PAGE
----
Today, scientific advances and their successful implementation have brought the world to a tipping point in the fight against AIDS. By this, I mean the point at which the number of new patients on antiretroviral treatment exceeds the number of people who are becoming infected. In the past year, a remarkable seven countries in sub-Saharan Africa have reached this tipping point — and many others will do the same in the next few years if we continue to strengthen and sustain our efforts. By rapidly scaling up proven HIV interventions, we are getting closer than ever before to ending the pandemic. On June 18, 2013 Secretary of State John Kerry announced:

“I am honored to make a very special announcement today, an announcement that we could literally only have dreamed about 10 years ago. Thanks to the support of PEPFAR, we have saved the one millionth baby from becoming infected with HIV. That is a remarkable step.”

Our success so far gives us great optimism, but the job is far from finished. According to UNAIDS, an estimated 1.7 million people are dying annually from AIDS-related causes. Moreover, global health and development resources are being squeezed due to tough economic times. While we cannot gloss over these challenges, the opportunity before us is extraordinary, and we must seize it. To do so, we need the continued commitment and leadership of partner countries, reinforced with support from donor nations, civil society, people living with HIV, faith-based organizations, the private sector, foundations and multilateral institutions.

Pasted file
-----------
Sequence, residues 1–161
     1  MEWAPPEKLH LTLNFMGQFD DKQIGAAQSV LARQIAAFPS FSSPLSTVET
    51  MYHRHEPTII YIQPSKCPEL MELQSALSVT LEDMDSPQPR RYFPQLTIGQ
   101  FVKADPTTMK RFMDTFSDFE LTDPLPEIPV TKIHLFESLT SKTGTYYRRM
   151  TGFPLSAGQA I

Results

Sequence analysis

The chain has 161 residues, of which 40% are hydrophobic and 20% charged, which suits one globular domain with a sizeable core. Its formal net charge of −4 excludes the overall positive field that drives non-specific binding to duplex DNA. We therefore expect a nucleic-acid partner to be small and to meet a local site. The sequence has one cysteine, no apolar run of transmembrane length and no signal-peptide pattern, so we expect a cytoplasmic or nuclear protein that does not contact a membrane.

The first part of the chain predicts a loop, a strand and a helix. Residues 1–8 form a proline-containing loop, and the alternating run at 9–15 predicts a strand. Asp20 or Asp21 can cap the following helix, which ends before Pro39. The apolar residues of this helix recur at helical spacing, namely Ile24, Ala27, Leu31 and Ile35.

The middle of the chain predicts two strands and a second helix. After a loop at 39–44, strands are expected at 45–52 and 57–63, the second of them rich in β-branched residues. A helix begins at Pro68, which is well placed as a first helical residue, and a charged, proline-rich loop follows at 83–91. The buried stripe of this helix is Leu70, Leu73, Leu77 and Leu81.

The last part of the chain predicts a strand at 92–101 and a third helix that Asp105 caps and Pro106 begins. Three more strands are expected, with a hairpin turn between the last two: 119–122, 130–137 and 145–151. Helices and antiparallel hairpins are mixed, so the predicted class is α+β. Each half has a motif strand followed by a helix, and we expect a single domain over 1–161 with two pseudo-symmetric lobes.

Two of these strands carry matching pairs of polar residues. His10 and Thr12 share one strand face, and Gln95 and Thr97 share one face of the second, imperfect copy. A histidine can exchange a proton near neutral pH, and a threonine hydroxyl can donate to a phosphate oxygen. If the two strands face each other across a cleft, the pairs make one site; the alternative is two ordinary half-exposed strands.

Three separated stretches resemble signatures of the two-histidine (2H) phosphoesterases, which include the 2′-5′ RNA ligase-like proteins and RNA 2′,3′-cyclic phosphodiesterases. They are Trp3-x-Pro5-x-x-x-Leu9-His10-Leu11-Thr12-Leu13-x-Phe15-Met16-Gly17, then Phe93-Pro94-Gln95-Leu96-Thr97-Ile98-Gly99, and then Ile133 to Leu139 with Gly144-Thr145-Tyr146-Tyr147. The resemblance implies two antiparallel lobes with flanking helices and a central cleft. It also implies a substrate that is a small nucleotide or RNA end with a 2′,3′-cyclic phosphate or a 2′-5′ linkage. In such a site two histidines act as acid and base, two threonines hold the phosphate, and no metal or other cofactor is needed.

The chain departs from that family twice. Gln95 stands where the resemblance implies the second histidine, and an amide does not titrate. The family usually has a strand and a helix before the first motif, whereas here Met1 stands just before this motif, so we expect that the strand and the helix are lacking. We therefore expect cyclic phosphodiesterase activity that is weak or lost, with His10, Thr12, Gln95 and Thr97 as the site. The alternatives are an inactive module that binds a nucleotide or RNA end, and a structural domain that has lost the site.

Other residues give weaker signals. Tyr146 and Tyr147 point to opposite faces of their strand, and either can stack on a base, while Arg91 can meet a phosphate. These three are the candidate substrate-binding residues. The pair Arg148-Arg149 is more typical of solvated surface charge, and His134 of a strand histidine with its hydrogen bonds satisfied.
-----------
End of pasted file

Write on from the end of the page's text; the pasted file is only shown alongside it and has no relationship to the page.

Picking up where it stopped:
The United States believes that by making smart investments based on sound science and a shared global responsibility, we can save millions of additional lives and achieve an AIDS-free generation. The PEPFAR Blueprint released in Dec 2012 is our promise—and our challenge—to the world. It reflects lessons learned from more than ten years of experience with AIDS-related programs as well as our ongoing commitment to support countries in building sustainable health care systems that can deliver for the long term. The Blueprint attests shared responsibility as a crucial pillar, along with saving lives, smart investments, and driving results with science.  In this way, the Blueprint builds on the important steps taken by African leaders to take ownership in leading the response to their HIV epidemics, with the United States committed to supporting Africa along the way. Most of all, the Blueprint sends an undeniable message that the U.S. commitment to the global AIDS response will remain strong, comprehensive and driven by science. It clearly outlines how PEPFAR is helping, and will continue to help, to make an AIDS-free generation a reality in Tanzania and globally.

PEPFAR has demonstrated to the world some of the best of what America has to offer and because of that, millions of people are living healthy and dynamic lives. Over the past decade, PEPFAR and its many partners have created a better future for millions of men, women and children. Today, we can forge an AIDS-free future for an entire generation; Msangi’s eight year old HIV-free daughter Faith is all the proof you need that it is possible.

Alfonso E. Lenhardt is the Ambassador of the United States of America to the United Republic of Tanzania